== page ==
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In testing for allergies, a single shot may suffice

Rating

3 Star

In testing for allergies, a single shot may suffice

Our Review Summary

This story reports on the use of a blood test, Immunoglobulin E (IgE), to diagnose allergies. The shots would replace the traditional method of diagnosis – a series of skin pricks to show a reaction to various allergens. While this story does a good job of explaining the benefits of having one blood test compared to a series of skin pricks, the story does not adequately describe the strength of the available evidence.

The story states that the blood tests were developed in the 1970s but that newer tests have become available more recently. The story does say that the test is available and comments that its use is limited in the U.S.

However, the story does not quantify the benefits of the blood test compared to the skin test. It is not clear from the story if the blood test results in better outcomes for the patient other than convenience and fewer side effects. The question of whether using the blood test in combination with treatment results in better outcomes for the patient is unanswered.

Furthermore, the story only mentions one harm of the blood test – getting the blood drawn itself. The story should have mentioned other harms such as what happens with false positive or negative results or how the results may be misinterpreted by non-allergy specialist clinicians.

Finally, the story commits disease mongering by not explaining that the blood and skin tests are only used in those with severe allergies. Most people with common pet or seasonal allergies will not require this kind of testing. Furthermore, the story overstates the risk that children with allergies have of developing respiratory problems and asthma later on.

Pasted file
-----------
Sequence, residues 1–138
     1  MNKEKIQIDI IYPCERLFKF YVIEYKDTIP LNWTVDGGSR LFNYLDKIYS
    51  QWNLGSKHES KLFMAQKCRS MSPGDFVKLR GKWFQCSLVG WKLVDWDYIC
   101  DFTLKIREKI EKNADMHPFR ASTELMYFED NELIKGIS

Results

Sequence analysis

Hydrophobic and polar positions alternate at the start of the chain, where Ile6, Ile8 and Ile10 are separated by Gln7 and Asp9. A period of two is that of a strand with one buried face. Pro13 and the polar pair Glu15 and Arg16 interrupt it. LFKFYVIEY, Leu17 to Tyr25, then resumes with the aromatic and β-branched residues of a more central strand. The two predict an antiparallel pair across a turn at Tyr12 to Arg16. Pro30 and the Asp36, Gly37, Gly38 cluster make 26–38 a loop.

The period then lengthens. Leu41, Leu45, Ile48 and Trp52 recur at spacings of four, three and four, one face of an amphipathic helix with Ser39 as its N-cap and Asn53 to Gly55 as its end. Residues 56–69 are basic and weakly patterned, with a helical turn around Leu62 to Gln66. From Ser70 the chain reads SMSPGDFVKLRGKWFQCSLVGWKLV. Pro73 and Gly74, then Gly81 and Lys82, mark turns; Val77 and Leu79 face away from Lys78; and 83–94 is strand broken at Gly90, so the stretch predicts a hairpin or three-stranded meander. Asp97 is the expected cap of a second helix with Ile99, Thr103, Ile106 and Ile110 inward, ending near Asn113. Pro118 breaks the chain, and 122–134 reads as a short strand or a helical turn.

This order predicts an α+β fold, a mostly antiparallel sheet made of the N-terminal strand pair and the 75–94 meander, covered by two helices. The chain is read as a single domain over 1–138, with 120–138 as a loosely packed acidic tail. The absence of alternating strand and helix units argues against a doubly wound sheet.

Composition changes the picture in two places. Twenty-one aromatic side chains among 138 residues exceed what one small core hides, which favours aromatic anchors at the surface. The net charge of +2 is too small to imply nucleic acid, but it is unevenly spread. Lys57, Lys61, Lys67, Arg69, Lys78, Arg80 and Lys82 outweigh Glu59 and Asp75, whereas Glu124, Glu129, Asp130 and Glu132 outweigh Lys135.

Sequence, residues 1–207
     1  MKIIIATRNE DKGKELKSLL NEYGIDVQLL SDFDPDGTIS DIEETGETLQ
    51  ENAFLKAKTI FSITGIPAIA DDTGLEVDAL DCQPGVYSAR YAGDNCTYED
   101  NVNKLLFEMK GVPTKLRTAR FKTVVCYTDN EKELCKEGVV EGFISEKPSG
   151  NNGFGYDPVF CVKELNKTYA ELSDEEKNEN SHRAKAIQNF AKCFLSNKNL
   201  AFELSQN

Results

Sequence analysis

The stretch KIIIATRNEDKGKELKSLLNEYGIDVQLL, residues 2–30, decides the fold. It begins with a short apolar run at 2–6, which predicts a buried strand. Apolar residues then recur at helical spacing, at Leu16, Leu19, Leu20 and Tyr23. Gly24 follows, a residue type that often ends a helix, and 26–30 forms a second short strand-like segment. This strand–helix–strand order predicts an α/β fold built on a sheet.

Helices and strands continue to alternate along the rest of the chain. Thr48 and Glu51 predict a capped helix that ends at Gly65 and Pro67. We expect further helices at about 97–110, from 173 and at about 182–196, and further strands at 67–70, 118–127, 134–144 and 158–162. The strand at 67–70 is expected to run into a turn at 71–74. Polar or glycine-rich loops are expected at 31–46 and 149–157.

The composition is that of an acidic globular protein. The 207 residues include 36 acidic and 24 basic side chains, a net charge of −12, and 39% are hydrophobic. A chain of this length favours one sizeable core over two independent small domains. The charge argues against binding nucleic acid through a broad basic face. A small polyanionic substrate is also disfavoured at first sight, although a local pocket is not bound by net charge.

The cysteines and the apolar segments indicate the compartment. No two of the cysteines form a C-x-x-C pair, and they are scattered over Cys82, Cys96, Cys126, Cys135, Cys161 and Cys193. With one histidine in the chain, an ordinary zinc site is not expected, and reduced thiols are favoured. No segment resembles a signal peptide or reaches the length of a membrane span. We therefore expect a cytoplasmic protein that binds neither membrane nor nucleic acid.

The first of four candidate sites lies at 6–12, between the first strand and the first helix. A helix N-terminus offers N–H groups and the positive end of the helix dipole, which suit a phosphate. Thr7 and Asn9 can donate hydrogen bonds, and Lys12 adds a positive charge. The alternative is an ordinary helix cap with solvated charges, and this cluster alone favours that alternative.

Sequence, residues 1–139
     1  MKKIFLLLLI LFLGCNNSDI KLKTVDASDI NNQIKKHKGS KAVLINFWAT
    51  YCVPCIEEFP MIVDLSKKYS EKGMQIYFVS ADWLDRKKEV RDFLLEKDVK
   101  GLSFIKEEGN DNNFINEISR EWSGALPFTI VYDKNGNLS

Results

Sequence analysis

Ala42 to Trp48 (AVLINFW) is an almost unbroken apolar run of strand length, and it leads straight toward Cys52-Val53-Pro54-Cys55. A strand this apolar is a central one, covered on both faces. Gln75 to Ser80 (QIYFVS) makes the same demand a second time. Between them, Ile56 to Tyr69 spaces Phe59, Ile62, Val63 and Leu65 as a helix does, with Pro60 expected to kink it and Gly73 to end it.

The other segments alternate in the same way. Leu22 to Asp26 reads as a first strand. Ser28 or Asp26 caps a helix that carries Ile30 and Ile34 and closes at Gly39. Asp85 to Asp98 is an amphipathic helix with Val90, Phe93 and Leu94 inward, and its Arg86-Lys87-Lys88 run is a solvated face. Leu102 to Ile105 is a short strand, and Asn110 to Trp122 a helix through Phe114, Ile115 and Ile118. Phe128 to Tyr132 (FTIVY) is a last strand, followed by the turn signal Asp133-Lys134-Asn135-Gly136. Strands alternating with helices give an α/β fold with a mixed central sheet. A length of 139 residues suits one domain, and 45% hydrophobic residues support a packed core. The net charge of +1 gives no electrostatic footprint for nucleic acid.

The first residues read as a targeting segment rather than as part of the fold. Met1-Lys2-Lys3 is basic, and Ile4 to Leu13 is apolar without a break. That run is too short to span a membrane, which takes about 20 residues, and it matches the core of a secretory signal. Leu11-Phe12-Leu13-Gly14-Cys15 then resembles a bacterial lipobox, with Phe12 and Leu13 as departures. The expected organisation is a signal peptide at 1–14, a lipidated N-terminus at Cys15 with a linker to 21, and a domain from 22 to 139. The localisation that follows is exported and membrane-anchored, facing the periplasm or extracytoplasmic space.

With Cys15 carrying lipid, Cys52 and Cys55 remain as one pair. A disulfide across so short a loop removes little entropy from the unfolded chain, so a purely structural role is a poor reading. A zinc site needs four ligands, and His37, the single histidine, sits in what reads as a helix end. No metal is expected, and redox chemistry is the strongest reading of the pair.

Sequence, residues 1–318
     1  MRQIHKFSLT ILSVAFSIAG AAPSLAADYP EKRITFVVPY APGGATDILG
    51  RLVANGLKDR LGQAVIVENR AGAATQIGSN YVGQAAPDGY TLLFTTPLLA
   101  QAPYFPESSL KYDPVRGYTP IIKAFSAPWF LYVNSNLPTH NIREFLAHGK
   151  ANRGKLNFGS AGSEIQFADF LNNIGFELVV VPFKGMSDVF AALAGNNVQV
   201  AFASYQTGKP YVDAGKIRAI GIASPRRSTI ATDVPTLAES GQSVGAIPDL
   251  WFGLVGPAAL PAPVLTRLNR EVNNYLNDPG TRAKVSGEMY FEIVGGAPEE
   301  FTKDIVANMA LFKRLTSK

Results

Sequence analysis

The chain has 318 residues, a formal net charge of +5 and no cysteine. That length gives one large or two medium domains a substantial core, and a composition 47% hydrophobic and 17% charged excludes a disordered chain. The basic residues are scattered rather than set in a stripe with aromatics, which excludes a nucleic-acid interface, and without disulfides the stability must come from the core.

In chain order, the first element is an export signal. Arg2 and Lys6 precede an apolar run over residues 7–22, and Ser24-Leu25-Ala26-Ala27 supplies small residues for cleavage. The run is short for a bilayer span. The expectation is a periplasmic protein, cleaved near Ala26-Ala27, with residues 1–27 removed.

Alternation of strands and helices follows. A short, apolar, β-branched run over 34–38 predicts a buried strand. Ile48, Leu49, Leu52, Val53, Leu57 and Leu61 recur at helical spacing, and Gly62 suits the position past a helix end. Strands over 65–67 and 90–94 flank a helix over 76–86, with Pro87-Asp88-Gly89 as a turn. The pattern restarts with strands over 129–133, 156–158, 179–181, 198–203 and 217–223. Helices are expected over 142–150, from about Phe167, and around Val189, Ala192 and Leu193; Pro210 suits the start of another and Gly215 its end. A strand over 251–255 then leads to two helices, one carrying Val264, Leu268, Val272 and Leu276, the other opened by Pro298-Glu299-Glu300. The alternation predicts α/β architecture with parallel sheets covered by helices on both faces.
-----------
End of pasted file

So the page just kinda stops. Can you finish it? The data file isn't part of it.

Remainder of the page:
Criteria

Does the story adequately discuss the costs of the intervention?

Not Satisfactory

The story does not mention the cost of the blood test compared to the skin prick test. While it does refer to the contention by some that "allergists resist blood testing in part to protect their revenue," the story does not describe the actual fees surrounding either the blood tests or the skin-prick tests.

Does the story adequately quantify the benefits of the treatment/test/product/procedure?

Not Satisfactory

The story does not quantify the benefits of the blood test compared to the skin test. It is not clear from the story if the blood test results in better outcomes for the patient other than convenience and fewer side effects. The question of whether using the blood test in combination with treatment results in better outcomes for the patient is unanswered.

Does the story adequately explain/quantify the harms of the intervention?

Not Satisfactory

The story only mentions one harm of the blood test – getting the blood drawn itself. The story should have mentioned other harms such as what happens with false positive or negative results or how the results may be misinterpreted by non-allergy specialist clinicians.

Does the story seem to grasp the quality of the evidence?

Not Satisfactory

The story does not describe the strength of the available evidence to support the use of the blood test. Specifically, no data are presented on whether more diagnostic testing will result in better outcomes.

Does the story commit disease-mongering?

Not Satisfactory

The story commits disease mongering by not emphasizing that the blood and skin tests are only used in those with severe allergies. Most people with common pet or seasonal allergies will not require this kind of testing. Furthermore, the story overstates the risk that children with allergies have of developing respiratory problems and asthma later on.

Does the story compare the new approach with existing alternatives?

Satisfactory

The story mentions the skin testing and talking with their primary care doctors about their symptoms as alternatives to the blood test.

Does the story establish the availability of the treatment/test/product/procedure?

Satisfactory

The story does say that the test is available and comments that its use is limited in the U.S.

Does the story establish the true novelty of the approach?

Satisfactory

The story does state that the blood tests were developed in the 1970s but that newer tests have become available more recently.

Does the story appear to rely solely or largely on a news release?

Satisfactory

Because the story quotes multiple experts, the reader can assume the story does not rely on a press release as the sole source of information.

Total Score: 5 of 10 Satisfactory

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